New York Photo Review
NYPR Archives - 2010

Deborah Turbeville
Past Imperfect 1978-1997

This should have been a wonderful show; instead, it is merely a pretentious show.

Deborah Turbeville, who burst on the scene in the mid seventies with a photographic style very much at odds with the hard edged fashion of the times (typified by Avedon and Penn) has a curious history of her own. In common with other women such as Sarah Moon and Lee Miller, she made the journey from model to photographer, from viewed to voyeur. And along with Cindy Sherman and Claude Cahun she seems to have an instinct for ‘dress up’ and play acting. But her closest photographic relative is Julia Margaret Cameron, whose pageants and tableaux she – perhaps unconsciously – emulates. But where Cameron was Victorian in sentiment, Turbeville is decidedly Symbolist.

Her work unfolds in a twilight realm, its tubercular esthetic both sickly and beautiful. The painterly qualities Turbeville at her best possesses, her expert handling of models and sensitive feeling for interiors as closed circuits of decay give her work a fin de siècle theatricality, slightly maudlin, decidedly decadent, and singularly effective.

One hears the voices of Verlaine and Georg Trakl, even of D’Annunzio and Oscar Wilde, with maybe a hint of Poe echoing in her half empty rooms where sepulchral models drape themselves against denuded décors. And as the distressed printing style (which Photoshop seems to have enhanced beyond remembering) combines with the soft focus, the brown tones, and the quaint costumes we have a very mannered look that all too often seeks to get by on manner alone. This is unfortunate. For awash in a sea of the derivative and mediocre are a half dozen or so truly interesting, even brilliant images. But they are submerged under all that paper, all those scrap heaps meant to resemble magazine layouts and film storyboards. This is the gallery’s fault. Alas, Staley-Wise seems to think Turbeville’s every little scribble immortal, or at least merchandisable, which is more to the point these days. And so we have yet another show characterized by excess and pretension, one that lacks the courage and good sense to let good work speak for itself, enveloping it instead in trendiness and affectation.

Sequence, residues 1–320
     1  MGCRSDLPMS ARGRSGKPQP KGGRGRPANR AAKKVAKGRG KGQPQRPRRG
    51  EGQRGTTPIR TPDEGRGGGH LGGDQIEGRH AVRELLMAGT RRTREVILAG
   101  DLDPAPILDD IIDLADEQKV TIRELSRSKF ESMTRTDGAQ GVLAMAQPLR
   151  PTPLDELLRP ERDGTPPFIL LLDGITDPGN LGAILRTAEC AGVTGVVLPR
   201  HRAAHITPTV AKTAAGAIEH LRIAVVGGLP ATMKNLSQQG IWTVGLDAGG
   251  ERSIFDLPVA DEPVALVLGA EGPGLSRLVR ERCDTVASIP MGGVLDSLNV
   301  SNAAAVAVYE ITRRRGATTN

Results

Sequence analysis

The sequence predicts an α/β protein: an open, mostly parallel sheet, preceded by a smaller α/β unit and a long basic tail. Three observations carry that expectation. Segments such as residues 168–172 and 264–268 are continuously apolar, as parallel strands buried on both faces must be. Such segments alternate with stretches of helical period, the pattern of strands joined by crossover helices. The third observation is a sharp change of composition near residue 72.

Of course there is nothing new about decay, or anorexic, depressed women with druggy eyes. The Symbolists loved all that stuff as did their grandsons, the Surrealists. There’s no reason why Deborah Turbeville should not love it, too, as long as she does it well. And she does. Some of the time. Ms Turbeville, who was once an editor herself, is badly in need of an editor, someone who will ruthlessly eliminate the dross from the gold – the better to make her shine.

Deborah Turbeville
Past Imperfect 1978-1997

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